4. Format the text color, size, and font:

    • Color: Select black

    • Text size: Enter 14

    • Font family: Select Arial Black

    • Inner padding: Enter 40%

      Screenshot with labels on an angle

  5. Maybe you don't like the way the X-axis text is displayed on a diagonal. You have several options.

    • Change the text size to something smaller than 14.
    • Make the visualization larger.
    • Display fewer columns and add a scrollbar by increasing Minimum category width.

    Here, we've selected the second option and grabbed one of the resize bars to make the visualization wider. It now accommodates the 14-point text without needing to display the text on an angle or with a scrollbar.

    Chart and formatting pane with labels horizontal

Customize the X-axis title

When the X-axis title is On, the X-axis title displays below the X-axis labels.

  1. Start by turning the X-axis title to On.

    Title slider

    The first thing you'll notice is that your visualization now has a default X-axis title. In this case, it's FiscalMonth.

    Chart with title displayed along bottom

  2. Format the title text color, size, and font:

    • Title color: Select orange

    • Axis title: Type Fiscal Month (with a space)

    • Title text size: Enter 18

    After you finish the customizations, your stacked column chart looks something like this:

    Screenshot of the customized stacked column chart.

  3. Save the changes you've made and move to the next section. If you ever need to revert all of the changes, select Revert to default at the bottom of the X-Axis customization pane. Next, you'll customize your Y-Axis.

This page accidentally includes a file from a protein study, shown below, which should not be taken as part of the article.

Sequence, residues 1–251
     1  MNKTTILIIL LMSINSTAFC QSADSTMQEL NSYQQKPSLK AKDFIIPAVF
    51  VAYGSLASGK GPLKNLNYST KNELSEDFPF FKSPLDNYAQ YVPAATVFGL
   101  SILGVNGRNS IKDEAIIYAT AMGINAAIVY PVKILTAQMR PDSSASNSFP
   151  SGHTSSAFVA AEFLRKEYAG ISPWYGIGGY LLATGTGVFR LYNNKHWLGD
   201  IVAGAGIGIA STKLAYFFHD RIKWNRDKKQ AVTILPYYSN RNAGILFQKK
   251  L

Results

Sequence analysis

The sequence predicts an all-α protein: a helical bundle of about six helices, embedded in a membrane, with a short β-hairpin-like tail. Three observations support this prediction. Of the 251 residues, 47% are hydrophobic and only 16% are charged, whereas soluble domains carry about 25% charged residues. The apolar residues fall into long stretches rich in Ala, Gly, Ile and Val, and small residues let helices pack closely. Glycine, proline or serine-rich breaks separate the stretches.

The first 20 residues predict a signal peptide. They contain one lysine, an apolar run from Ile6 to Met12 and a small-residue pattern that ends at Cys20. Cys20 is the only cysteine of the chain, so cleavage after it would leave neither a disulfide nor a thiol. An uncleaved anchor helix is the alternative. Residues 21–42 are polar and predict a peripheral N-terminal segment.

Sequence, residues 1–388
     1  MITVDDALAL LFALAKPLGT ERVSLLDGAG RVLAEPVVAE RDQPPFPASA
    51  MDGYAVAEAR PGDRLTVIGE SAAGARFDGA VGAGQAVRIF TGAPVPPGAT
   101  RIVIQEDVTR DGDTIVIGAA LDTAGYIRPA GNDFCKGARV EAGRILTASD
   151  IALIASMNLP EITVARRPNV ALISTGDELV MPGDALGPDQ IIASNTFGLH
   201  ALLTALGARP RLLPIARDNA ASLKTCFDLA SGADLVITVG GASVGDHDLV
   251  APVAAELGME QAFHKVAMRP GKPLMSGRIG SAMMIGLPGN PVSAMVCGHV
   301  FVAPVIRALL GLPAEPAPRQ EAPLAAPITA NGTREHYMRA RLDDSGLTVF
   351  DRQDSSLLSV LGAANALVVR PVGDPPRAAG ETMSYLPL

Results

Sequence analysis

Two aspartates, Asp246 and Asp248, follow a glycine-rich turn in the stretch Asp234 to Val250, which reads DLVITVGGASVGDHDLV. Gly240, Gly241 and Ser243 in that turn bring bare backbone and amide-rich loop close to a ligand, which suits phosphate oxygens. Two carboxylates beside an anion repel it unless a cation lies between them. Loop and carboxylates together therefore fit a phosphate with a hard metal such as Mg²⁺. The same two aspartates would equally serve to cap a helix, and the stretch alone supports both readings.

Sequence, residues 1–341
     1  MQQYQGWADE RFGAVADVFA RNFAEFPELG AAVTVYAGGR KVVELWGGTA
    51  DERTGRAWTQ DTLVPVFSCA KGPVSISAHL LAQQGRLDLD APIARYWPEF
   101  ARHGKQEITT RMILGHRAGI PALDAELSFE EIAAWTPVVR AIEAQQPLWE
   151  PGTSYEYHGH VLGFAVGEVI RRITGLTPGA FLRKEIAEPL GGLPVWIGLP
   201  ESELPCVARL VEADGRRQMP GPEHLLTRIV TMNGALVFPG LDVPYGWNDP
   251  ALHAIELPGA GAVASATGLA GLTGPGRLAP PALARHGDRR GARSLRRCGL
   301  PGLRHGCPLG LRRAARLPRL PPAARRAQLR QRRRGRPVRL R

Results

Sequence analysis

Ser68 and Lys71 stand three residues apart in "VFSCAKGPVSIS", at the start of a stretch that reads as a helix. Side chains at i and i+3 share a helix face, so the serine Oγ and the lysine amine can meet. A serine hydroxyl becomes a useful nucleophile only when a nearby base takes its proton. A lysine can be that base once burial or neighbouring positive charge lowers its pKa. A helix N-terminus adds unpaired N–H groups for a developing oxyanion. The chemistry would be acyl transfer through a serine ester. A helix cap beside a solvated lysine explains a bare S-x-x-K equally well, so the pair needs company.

Customize the Y-axis

There are many features that can be customized for the Y-axis. You can add and modify the data labels, Y-axis title, and gridlines. For values, you can modify the display units, decimal places, starting point, and end point. And, for categories, you can modify the width, size, and padding of bars, columns, lines, and areas.

The following example continues our customization of a column chart. Let's make a few changes to get you familiar with the options, and then you can explore the rest on your own.

Customize the Y-axis labels

The Y-axis labels are displayed to the left by default. Right now, they're light grey, small, and difficult to read. Let's change that.

  1. Expand the Y-Axis options.

    Screenshot of the Y-axis options.

  2. Move the Y-Axis slider to On.

    Screenshot ot the On slider.

    One reason you might want to turn off the Y-axis, is to save space for more data.

  3. Format the text color, size, and font:

    • Color: Select black

    • Text size: Enter 10

    • Display units: Select Millions

    Chart after Y-axis formatting

Customize the Y-axis title

When the Y-axis title is On, the Y-axis title displays next to the Y-axis labels. For this visualization, having a Y-Axis title doesn't improve the visual, so leave Title turned Off. We'll add Y-axis titles to a dual-axis visual later in this tutorial.